WASHINGTON – On Wednesday, May 10, 2006, the nation’s leading professional group in the field of tropical medicine announced its support of a major initiative that encourages the development of treatments for neglected diseases.
The American Society of Tropical Medicine and Hygiene joined U.S. Senator Sam Brownback (R-KS) at an event promoting legislation introduced by Senators Brownback and Joe Lieberman (D-CT). The Elimination of Neglected Diseases Act of 2006 encourages pharmaceutical companies to invest in developing treatments for neglected diseases.
Peter Hotez, MD, PhD, an expert in the field of tropical medicine and ASTMH member, praised Senators Brownback and Lieberman on behalf of the Society for introducing this important legislation. Dr. Hotez noted that ten million children in developing countries die each year as a result of infectious and parasitic diseases. These children account for almost all – 91% - of the children who die annually.
ASTMH is a society of 3,300 professionals engaged in research and treatment of infectious and tropical diseases. ASTMH has long recognized the need for incentives, research and vaccines for global and neglected diseases.
The World Health Organization estimates that 1.3 million children die from malaria alone – some estimates indicate the actual number is between 2 and 3 million. Malaria is a dramatic example, but by no means the only neglected disease that this legislation will help. A landmark component of the legislation is that it addresses a group of lesser known neglected tropical diseases, which are equal in importance to diseases such as HIV/AIDS, malaria and tuberculosis.
Sometimes known as “the biblical diseases” because of their mention in the Bible, Talmud, and other ancient texts, the neglected tropical diseases disable populations on a massive scale in regions of rural poverty of the developing world. To diminish childhood deaths in the developing world it will be important to develop vaccines and therapies for diarrheal disease pathogens that selectively afflict children and vaccines and therapies against respiratory disease agents that cause fatal pneumonia in infants and children in less developed regions. These include diseases such as schistosomiasis, hookworm, Kala-azar, elephantiasis, river blindness, African sleeping sickness, leprosy, and Chagas disease.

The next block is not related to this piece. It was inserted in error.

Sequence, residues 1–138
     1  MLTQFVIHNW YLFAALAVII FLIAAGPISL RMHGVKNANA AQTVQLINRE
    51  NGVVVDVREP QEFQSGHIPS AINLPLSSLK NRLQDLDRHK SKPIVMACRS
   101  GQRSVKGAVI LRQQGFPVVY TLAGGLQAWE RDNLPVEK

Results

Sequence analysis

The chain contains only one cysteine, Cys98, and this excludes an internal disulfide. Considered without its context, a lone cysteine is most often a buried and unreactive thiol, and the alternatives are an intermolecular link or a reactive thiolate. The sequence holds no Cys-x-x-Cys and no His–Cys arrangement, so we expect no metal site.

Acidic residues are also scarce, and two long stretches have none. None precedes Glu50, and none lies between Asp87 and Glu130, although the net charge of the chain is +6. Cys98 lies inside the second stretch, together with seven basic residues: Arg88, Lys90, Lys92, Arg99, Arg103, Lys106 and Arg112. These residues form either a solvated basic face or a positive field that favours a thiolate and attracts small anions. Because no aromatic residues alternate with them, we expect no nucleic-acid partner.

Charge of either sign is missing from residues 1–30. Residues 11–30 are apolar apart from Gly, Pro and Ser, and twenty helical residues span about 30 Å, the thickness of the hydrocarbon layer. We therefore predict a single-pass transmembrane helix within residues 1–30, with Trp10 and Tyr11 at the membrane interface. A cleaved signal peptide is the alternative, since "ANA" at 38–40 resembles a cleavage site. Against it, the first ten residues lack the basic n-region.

New estimates indicate that these diseases kill an estimated 530,000 people, but more importantly cause disability in millions more. Studies show that these neglected diseases by virtue of their unique ability to impair childhood growth and development, birth outcome from pregnancy, and worker productivity, not only occur in the setting of poverty but also promote poverty. In addition, these diseases actually promote susceptibility to AIDS and malaria.
Unfortunately, our technical capacity to develop new health products for neglected diseases has outpaced the mechanisms we have in place to fashion new discoveries into drugs, diagnostics and vaccines and then get them to market. The Elimination of Neglected Diseases Act of 2006 specifically addresses this unfortunate circumstance.
ASTMH congratulates Senators Brownback and Lieberman for their vision and thanks them for their commitment to addressing the health disparities for the estimated 1 billion children who live in poverty..